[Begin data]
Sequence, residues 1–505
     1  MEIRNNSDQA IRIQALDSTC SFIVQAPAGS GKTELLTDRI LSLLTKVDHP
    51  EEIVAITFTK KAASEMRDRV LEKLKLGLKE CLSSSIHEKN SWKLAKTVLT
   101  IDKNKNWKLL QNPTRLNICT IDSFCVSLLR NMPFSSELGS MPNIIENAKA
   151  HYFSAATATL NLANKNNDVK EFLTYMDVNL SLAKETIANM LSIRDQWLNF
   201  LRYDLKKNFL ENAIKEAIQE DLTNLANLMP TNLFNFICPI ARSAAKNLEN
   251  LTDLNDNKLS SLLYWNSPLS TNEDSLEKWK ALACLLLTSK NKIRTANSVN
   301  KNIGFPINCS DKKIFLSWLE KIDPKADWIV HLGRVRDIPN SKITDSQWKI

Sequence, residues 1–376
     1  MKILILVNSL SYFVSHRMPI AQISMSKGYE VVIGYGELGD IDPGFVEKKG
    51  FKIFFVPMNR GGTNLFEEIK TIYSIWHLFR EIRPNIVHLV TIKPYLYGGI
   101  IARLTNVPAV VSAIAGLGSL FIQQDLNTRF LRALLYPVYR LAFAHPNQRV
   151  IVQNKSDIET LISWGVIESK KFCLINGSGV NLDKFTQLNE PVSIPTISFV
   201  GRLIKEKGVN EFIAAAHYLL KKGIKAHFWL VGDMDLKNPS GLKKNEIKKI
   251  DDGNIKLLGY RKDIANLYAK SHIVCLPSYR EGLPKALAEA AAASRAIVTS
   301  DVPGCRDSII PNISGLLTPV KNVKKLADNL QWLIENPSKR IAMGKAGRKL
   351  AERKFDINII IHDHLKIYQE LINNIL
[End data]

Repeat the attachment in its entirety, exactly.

Sequence, residues 1–505
     1  MEIRNNSDQA IRIQALDSTC SFIVQAPAGS GKTELLTDRI LSLLTKVDHP
    51  EEIVAITFTK KAASEMRDRV LEKLKLGLKE CLSSSIHEKN SWKLAKTVLT
   101  IDKNKNWKLL QNPTRLNICT IDSFCVSLLR NMPFSSELGS MPNIIENAKA
   151  HYFSAATATL NLANKNNDVK EFLTYMDVNL SLAKETIANM LSIRDQWLNF
   201  LRYDLKKNFL ENAIKEAIQE DLTNLANLMP TNLFNFICPI ARSAAKNLEN
   251  LTDLNDNKLS SLLYWNSPLS TNEDSLEKWK ALACLLLTSK NKIRTANSVN
   301  KNIGFPINCS DKKIFLSWLE KIDPKADWIV HLGRVRDIPN SKITDSQWKI

Sequence, residues 1–376
     1  MKILILVNSL SYFVSHRMPI AQISMSKGYE VVIGYGELGD IDPGFVEKKG
    51  FKIFFVPMNR GGTNLFEEIK TIYSIWHLFR EIRPNIVHLV TIKPYLYGGI
   101  IARLTNVPAV VSAIAGLGSL FIQQDLNTRF LRALLYPVYR LAFAHPNQRV
   151  IVQNKSDIET LISWGVIESK KFCLINGSGV NLDKFTQLNE PVSIPTISFV
   201  GRLIKEKGVN EFIAAAHYLL KKGIKAHFWL VGDMDLKNPS GLKKNEIKKI
   251  DDGNIKLLGY RKDIANLYAK SHIVCLPSYR EGLPKALAEA AAASRAIVTS
   301  DVPGCRDSII PNISGLLTPV KNVKKLADNL QWLIENPSKR IAMGKAGRKL
   351  AERKFDINII IHDHLKIYQE LINNIL